QUESTION #2: President Trump announced last week that he’ll be taking his first trip to the Middle East indicating he hopes to initiate peace talks as he meets with the Pope and leaders from Israel, Saudi Arabia and other Middle Eastern countries. What’s the political climate in the Middle East and will his trip be successful?


Dr. Jimmy DeYoung:

“…Just a couple of years ago, the Saudi Arabian King at that time, who’s now passed off the scene, that king Abdullah was responsible for putting together a peace plan through resolution to the Israel Palestinian conflict. It had a lot of details we don’t need to go into now except with this fact in point. The situation would have to be that Israel would agree to abide by the peace plan that was put together by Saudi Arabia which would bring all the Muslims to the table so they could have a resolution to the Israeli Palestinian conflict.

Right off the bat, the Israeli’s rejected it because it was calling for going back to the ’67 borders. Even some said how about back to the 1948 borders. Of course, there’s no question, they would not go back to ’48 and I would almost guarantee that they will not go back to the ’67 borders even to bring resolution to this peace process. But when you go into Saudi Arabia, Saudi Arabia has been a main player in the Arab world…That’s the headquarters for the Islamic world, Mecca and Medina, the two most important locations, the most sacred spots for the Islamic faith itself and religion is also a part of what’s going to happen when they go to Jerusalem because that’s the third most important part in the Islamic world.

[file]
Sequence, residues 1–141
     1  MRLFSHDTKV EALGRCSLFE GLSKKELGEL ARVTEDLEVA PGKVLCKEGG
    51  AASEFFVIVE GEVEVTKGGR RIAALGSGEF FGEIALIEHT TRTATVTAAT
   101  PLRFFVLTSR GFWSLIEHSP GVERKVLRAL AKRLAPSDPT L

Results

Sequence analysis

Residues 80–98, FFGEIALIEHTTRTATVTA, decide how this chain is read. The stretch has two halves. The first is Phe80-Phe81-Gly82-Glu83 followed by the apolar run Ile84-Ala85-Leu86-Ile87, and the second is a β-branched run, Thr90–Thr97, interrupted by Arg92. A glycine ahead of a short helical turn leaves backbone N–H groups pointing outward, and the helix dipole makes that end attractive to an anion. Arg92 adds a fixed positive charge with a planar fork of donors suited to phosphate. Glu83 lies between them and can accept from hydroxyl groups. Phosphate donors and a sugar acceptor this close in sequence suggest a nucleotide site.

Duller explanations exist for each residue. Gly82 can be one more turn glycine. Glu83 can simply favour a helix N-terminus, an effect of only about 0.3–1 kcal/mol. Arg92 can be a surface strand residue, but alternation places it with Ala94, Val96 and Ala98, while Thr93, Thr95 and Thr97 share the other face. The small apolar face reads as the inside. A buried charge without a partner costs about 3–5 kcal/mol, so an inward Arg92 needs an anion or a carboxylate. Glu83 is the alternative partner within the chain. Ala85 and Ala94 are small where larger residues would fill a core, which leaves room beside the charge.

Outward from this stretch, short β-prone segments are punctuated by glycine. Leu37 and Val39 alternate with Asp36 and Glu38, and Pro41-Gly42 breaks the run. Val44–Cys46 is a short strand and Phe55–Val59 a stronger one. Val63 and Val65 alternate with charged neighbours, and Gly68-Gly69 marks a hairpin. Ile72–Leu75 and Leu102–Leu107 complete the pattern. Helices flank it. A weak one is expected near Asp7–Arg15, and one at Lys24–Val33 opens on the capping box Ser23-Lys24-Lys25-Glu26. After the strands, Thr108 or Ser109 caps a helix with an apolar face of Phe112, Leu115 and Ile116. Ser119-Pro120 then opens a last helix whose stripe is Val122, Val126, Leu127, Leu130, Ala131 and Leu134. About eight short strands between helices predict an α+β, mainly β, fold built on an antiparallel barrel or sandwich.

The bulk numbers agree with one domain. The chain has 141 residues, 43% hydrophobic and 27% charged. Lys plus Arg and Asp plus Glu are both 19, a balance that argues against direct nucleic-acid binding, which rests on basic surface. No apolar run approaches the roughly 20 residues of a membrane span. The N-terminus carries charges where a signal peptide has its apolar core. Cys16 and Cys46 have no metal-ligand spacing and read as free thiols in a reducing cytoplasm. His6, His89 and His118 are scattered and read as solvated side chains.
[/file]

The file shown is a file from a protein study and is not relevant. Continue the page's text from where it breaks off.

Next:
So, he goes to Saudi Arabia first. All of these leaders from the Arab countries are going to come in and there has been developing a relationship between Israel and Saudi Arabia because Saudi Arabia’s concerned about a nuclear-powered Iran. Saudi Arabia has been sending all kinds of signals. The Israeli government has been sending their messengers over to meet secretly with the Saudi leaders and there’s almost a very timely relationship between the two and of course Egypt, you bring them into the mix. They rely upon Saudi Arabia for so much funding that they themselves cannot produce.

This whole thing is looking like that not only is it going to be a tolerance tour which brings up some red flags as far as I’m concerned, but in addition to that, to try to pull this peace process together because after he leaves Saudi Arabia, after he meets with all of these Islamic, Arab leaders, he’s flying into Jerusalem. He’ll meet with Prime Minister Netanyahu. He then is going to go to Ramallah and meet with Mahmoud Abbas again and he’s making a statement. He’s going to make this deal happen.

I don’t think he understands the Islamic world enough to be able to pull it off. I don’t think he understands the Palestinian Israeli conflict enough. I was talking to the man who watches the Palestinian media, Itamar Marcus, who will be on my broadcast this weekend. He says, you know if you don’t understand all the players and what their main goals are, you’re not going to be able to pull off any kind of deal. I don’t care what kind of a deal maker you are. I think he is just assured enough of his ability to make a deal. He’s going to try to pull it off and he thinks this is the way to do it.”

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